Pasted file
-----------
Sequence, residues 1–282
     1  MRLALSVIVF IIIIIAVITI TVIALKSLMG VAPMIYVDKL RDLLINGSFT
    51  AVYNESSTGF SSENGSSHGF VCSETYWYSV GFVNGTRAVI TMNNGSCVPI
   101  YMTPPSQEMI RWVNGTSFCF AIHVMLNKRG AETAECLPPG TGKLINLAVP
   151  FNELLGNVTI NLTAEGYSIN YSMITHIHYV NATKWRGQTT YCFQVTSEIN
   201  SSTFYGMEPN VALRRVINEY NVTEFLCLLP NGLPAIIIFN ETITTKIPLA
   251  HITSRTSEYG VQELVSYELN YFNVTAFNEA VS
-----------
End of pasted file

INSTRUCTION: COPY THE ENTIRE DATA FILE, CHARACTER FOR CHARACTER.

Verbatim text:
Sequence, residues 1–282
     1  MRLALSVIVF IIIIIAVITI TVIALKSLMG VAPMIYVDKL RDLLINGSFT
    51  AVYNESSTGF SSENGSSHGF VCSETYWYSV GFVNGTRAVI TMNNGSCVPI
   101  YMTPPSQEMI RWVNGTSFCF AIHVMLNKRG AETAECLPPG TGKLINLAVP
   151  FNELLGNVTI NLTAEGYSIN YSMITHIHYV NATKWRGQTT YCFQVTSEIN
   201  SSTFYGMEPN VALRRVINEY NVTEFLCLLP NGLPAIIIFN ETITTKIPLA
   251  HITSRTSEYG VQELVSYELN YFNVTAFNEA VS